Most of the time when we’re hungry, we’re actually just dehydrated. In fact, one in three Americans mistake thirst for hunger, because it fools us by giving us the same symptoms, such as hunger pangs and irritability. So the next time you’re feeling hungry, pour yourself a big glass of water. Ten minutes after drinking it, see if you still feel hungry. If you do, make yourself a healthy snack to hold you over until the next big or small meal.
If you feel that your momentary hunger is tied to a food craving, it’s important to figure out what your body is really craving. Different cravings can correlate to your body’s lack of certain vitamins and minerals, so instead of giving your body chocolate, give it what it really needs.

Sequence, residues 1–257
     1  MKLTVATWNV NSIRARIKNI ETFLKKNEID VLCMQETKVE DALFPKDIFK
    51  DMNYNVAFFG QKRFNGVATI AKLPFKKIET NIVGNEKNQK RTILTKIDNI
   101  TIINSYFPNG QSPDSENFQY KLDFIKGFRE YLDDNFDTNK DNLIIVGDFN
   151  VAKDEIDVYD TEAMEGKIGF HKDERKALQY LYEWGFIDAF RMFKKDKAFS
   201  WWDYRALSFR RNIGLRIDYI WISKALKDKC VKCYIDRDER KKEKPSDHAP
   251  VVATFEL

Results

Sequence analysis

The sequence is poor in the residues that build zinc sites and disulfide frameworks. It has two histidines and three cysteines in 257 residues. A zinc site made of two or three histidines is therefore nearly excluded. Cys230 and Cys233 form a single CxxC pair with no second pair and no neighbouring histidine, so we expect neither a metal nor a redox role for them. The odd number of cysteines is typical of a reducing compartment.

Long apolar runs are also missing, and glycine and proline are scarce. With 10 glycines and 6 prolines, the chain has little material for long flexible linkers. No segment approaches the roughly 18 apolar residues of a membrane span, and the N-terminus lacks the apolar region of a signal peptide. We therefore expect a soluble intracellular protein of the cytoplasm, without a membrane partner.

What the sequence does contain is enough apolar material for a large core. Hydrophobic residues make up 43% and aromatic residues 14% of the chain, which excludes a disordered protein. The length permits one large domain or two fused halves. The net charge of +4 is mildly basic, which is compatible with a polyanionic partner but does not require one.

Match your craving with what your body needs:
If you’re craving: chocolate
Your body needs: B vitamins
If you’re craving: salt
Your body needs: less salt (Eating salt makes you want to eat more salt.)
If you’re craving: protein
Your body needs: iron or other amino acids
If you’re craving: dairy
Your body needs: less dairy (you might be allergic)